Cancel Culture Isn’t Toxic

Freedom of Speech is not a free pass for online bigotry and abuse

Emily Brown, Senior Columnist

A popular phrase that is often thrown around on the current internet is “cancel culture.” In 2019, John McDermott of “The New Yorker” defined cancel culture as: “People who have been thrust out of social or professional circles in this way — either online or in the real world or sometimes both — is “canceled.”  Cancel culture has an effect on both a big and small scale. Some of the most infamous examples of being canceled are Bill Cosby and Harvey Weinstein. Cancel culture isn’t a new idea — the name is. With the rise of cancel culture, there has been a backlash.

While cancel culture exists with celebrities, I want to focus on influencers because I think it’s more interesting and complex. There is a new scandal almost every day on YouTube and TikTok. Some are funny like Jake Paul wrestling an actual wrestler… and winning for some reason. But, most scandals are serious and often harmful to people.

It would take all day to list all of the YouTube scandals that just happened during the pandemic and honestly, some of them are super disgusting. But whenever a YouTuber messes up and gets rightfully called out for their mistakes, their fans come out of the woodworks to defend them, regardless of what they did.

So, what are people being canceled for? Racism, ableism, bigotry, false accusations — and that is only a handful of things.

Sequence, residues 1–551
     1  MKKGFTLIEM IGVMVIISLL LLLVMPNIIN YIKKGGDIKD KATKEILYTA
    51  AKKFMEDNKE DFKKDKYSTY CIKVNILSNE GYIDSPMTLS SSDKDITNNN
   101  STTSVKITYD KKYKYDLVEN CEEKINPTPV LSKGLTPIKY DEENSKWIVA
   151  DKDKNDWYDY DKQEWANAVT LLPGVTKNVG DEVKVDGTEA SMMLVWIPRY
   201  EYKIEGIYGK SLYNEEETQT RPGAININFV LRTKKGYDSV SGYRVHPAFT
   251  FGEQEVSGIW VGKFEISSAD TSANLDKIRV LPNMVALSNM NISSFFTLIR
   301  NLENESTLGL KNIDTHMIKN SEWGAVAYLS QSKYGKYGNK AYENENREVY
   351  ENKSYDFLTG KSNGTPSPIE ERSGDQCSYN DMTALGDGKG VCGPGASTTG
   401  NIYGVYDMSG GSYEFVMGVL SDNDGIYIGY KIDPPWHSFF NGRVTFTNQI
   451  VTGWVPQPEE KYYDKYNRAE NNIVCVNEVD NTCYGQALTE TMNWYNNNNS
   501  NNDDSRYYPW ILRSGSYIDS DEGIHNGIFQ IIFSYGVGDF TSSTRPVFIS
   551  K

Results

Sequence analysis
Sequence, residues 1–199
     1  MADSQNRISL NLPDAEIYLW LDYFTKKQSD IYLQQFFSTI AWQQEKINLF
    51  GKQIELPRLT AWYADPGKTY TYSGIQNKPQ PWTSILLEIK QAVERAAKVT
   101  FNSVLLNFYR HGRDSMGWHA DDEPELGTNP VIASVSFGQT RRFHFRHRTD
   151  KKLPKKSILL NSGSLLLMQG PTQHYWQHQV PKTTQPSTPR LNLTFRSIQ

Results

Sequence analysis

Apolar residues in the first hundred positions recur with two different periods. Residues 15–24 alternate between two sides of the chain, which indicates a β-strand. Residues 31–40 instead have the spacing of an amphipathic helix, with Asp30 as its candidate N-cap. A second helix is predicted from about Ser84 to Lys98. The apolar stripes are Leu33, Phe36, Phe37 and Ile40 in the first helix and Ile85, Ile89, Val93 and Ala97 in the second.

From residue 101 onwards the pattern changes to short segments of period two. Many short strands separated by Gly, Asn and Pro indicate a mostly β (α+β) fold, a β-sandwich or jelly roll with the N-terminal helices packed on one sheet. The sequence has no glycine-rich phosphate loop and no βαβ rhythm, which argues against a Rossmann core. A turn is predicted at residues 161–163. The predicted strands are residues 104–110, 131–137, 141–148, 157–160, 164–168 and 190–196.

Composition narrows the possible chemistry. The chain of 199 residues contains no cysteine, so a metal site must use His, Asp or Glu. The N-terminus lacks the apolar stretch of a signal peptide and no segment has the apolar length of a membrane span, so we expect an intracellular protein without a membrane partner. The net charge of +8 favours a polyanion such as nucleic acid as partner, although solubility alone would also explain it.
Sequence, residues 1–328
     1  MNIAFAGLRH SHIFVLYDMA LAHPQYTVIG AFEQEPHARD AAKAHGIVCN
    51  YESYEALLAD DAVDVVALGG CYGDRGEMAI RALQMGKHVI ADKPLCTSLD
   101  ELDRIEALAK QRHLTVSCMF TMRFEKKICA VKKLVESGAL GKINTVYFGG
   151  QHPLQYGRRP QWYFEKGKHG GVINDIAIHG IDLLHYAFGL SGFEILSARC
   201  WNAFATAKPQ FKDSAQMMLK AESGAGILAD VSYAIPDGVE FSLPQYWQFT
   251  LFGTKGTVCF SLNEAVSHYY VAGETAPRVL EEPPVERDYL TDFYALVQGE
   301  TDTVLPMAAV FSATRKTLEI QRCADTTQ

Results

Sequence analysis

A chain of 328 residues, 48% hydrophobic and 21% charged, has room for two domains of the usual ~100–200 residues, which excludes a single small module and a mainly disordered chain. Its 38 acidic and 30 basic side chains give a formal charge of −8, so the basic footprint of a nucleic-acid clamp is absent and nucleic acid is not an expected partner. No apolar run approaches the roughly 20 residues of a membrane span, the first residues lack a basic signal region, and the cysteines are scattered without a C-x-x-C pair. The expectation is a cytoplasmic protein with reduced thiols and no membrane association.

One of the most popular examples of cancel culture on YouTube is Logan Paul going to the Japanese Suicide Forest, filming a dead body and uploading it to YouTube. While he got the backlash he rightfully deserved, he still managed to bounce back. He still has millions of subscribers and his own podcast.

There have been countless people who get “canceled’’ and are still on YouTube and living it up in multi-million dollar mansions. In fact, multiple people online rely on cancel culture to stay relevant. Scandal sells, always has and always will.

There has been this narrative around cancel culture that is toxic and it censors people unfairly. Two common phrases I hear are “how can you expect people to grow?” and “This is unjust censorship.”

At this point, cancel culture has become a meme. Whenever YouTubers get called out, they often say that “cancel culture is toxic.” But, it’s really oppressed people holding their oppressors accountable for the stuff they say and do. The myth of cancel culture being toxic is rooted in racism and oppression. So, when a person says cancel culture is toxic, they really want to say “I’m angry that I just can’t spread my bigotry and abuse all over the place.”

Counter cancel culture is toxic and hypocritical. We need to raise up the voices of the oppressed and hold the oppressors accountable.